Strategies to Build Your Disaster Supplies
Prepping is all about prioritizing. If you are not already
a master prioritizer, then prepping will help you develop
the skills to get there.
To help you get started, here are seven strategies that
you can use when building your disaster supplies.
1. Prepper kits… and we’re done!
For the prepper who has no shortage of money and wants to
feel safe as soon as possible, there are a great number of
survivalist kits available.
You don’t have to calculate your family’s calorie needs or
learn to make 500 different dishes with rice and beans;
all you need to do is buy a six- or twelve-month food kit.
You don’t have to go through the trouble of researching
and building a bug-out bag or car kit because they’re
available pre-made online.
First-aid kits, water purification kits, survival cooking
kits, survival knife kits, survival garden kits … these
can all be bought and shipped to your location.
Even if there are some quite competitively priced kits out
there, you are going to end up spending a lot of money.
That is just not a possibility for everyone.
For others, stocking only these ready-made kits is
unthinkable because generic kits are not tailored to their
It is hard to argue with the convenience, though, of
being fully prepared as soon as your kit arrives.
2. Starting with what’s lethal
Everyone who doesn’t have more money than they have time
is going to have to decide where to start with this
overwhelming task of prepping.
One way to go about it is starting with what could kill
Do you have severe allergies? If so, what would happen if
you got an allergic reaction while the roads are blocked
or there is no one home to drive you to the hospital?
What would you do if you cut yourself deeply while
cooking? Do you have the tools on hand to handle that
until you can get to a medical professional?
Do you have extremely cold winters and rely only on an
electric heating system?
With this strategy, you won’t be prepared for everything
immediately, but you will survive deadly scenarios!
3. Starting with what is likely
If you don’t want to start with what is lethal, you can
start with what is most likely. This is a very simple and
efficient way of prioritizing your shopping.
In its very essence, this strategy asks the question: Am I
most likely to lose my job or live through a zombie
If the answer is “zombie apocalypse,” that’s the scenario
you’ll prepare for first.
Of course, you will probably start by preparing for a
power outage, an accident, a lost job or being snowed in
and then work your way up.
You won’t be prepared for everything for a long time, but
the odds will always be in your favor.
4. Starting with the short-term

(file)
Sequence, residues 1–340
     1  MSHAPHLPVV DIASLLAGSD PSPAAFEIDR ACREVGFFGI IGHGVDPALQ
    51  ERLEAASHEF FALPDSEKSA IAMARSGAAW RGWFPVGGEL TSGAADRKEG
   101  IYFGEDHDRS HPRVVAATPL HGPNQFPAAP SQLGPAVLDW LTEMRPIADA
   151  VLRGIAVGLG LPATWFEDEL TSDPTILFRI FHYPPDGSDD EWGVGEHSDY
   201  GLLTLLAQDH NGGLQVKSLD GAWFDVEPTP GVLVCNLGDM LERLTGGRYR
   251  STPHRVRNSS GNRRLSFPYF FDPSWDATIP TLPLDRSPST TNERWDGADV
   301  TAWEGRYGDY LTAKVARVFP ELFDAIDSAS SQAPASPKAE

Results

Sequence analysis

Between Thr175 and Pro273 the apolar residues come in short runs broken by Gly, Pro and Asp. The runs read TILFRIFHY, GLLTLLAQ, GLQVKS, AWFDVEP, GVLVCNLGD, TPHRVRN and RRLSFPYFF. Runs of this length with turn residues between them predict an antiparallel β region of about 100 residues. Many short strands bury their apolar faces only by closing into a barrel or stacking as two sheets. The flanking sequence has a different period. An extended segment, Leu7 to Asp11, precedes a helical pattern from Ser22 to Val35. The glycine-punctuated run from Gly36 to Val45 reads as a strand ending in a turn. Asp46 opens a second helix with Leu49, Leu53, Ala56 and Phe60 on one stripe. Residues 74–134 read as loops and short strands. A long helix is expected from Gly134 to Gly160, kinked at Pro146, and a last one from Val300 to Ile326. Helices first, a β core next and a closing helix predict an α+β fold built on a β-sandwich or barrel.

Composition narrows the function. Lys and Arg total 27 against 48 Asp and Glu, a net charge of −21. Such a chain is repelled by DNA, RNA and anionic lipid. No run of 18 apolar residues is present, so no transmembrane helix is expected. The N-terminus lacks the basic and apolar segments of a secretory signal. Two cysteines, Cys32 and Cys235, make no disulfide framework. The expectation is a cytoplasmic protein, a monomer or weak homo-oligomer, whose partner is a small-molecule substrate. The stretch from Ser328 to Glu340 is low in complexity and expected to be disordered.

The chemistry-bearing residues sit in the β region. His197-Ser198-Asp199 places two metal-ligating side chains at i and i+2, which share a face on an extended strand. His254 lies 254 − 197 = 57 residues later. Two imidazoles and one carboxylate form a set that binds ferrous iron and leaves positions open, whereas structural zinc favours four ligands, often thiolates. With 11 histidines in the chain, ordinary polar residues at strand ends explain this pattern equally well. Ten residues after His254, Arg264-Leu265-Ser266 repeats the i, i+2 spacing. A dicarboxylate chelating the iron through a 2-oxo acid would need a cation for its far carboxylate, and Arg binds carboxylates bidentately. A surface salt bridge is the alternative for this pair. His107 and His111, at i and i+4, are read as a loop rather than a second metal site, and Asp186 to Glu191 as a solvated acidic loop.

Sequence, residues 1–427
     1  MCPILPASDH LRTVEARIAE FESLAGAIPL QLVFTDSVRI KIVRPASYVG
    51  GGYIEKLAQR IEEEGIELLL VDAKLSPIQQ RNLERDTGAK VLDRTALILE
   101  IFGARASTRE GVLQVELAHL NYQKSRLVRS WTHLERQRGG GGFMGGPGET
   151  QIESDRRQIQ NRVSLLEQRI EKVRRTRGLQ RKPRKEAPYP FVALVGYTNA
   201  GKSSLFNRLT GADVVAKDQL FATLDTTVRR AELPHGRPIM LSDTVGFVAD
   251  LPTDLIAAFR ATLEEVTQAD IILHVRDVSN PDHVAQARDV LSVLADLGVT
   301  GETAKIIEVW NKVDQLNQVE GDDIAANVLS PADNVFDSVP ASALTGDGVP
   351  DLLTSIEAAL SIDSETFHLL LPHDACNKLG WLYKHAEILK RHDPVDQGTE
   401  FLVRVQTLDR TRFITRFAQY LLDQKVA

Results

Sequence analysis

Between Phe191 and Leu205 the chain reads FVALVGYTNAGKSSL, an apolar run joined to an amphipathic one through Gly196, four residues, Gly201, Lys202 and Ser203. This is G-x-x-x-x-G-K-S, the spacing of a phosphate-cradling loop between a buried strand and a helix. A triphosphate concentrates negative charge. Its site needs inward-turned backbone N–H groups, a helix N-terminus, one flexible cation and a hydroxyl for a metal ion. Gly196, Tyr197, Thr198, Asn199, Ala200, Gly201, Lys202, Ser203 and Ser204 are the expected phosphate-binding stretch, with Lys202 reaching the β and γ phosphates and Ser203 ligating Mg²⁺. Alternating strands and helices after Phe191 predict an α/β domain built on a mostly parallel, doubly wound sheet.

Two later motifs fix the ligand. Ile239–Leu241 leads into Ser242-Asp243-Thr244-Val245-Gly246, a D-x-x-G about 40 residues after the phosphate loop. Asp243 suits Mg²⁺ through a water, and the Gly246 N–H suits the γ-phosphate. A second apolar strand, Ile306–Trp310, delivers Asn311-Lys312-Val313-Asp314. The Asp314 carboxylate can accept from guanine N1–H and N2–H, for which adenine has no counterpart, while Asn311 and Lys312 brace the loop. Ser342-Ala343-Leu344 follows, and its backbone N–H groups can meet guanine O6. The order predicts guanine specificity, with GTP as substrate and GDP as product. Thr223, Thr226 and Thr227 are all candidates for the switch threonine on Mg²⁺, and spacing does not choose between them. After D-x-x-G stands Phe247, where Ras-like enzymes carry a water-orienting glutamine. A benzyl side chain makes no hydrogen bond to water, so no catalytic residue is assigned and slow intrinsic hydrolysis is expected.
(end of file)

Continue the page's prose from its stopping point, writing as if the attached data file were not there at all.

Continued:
Prepping for the short-term first, moving into the
long-term later, is the shopping strategy many preppers
This way, you are not making guesses as to what kinds of
situations you ought to be preparing for. You are
preparing for them all, but starting small.
The upside is that you are preparing for a wide range of
The downside is that some of those scenarios may last for
much longer in duration than what you will be ready for
in quite some time.
5. Low-budget strategies
The prepper who has a strict budget to work with has many
great strategies to apply in combination with one of the
last three shopping priorities.
Classic low-budget strategies such as buying in bulk,
buying from wholesale corporations and clipping coupons
can, with great benefit, be used by preppers.
Preppers with a cash trickle instead of a cash flow, who
find it difficult to justify large purchases even to
justify savings, can start by buying just a few extra
items on each shopping trip.
Truly handy preppers can create their own preps by buying
produce very cheaply at the end of the season and canning
or drying it themselves.
6. Quality over quantity
If you are a stickler for quality, you may choose to prep
more slowly in order to save up money for the very best.
If that is the case, know now that you are in good
company. The survivalist and prepper communities are full
of people who share a love for fine things – especially
if those high-quality things involve knives, tools and
Better quality often means better durability. Beware,
though, of dooming yourself to inertia simply because you
want the best. Sometimes it is better to compromise.
7. The middle road
It’s okay to want the best, but sometimes you have to
settle. Maybe you can invest in the best possible knife,
but spend less on a handgun?
Maybe the best costs so much that you are saying no to a
large number of crucial preps when something a little less
perfect would do just as well.
You have to weigh the cost of having the best of the best
against your need to take care of you and your family.
Otherwise, you may have a great knife but go hungry in a
disaster. And that’s what we will talk about next time!
Don’t forget to watch this crucial video to discover all
the essential items you need to stockpile (because they
will sell out INSTANTLY following a crisis):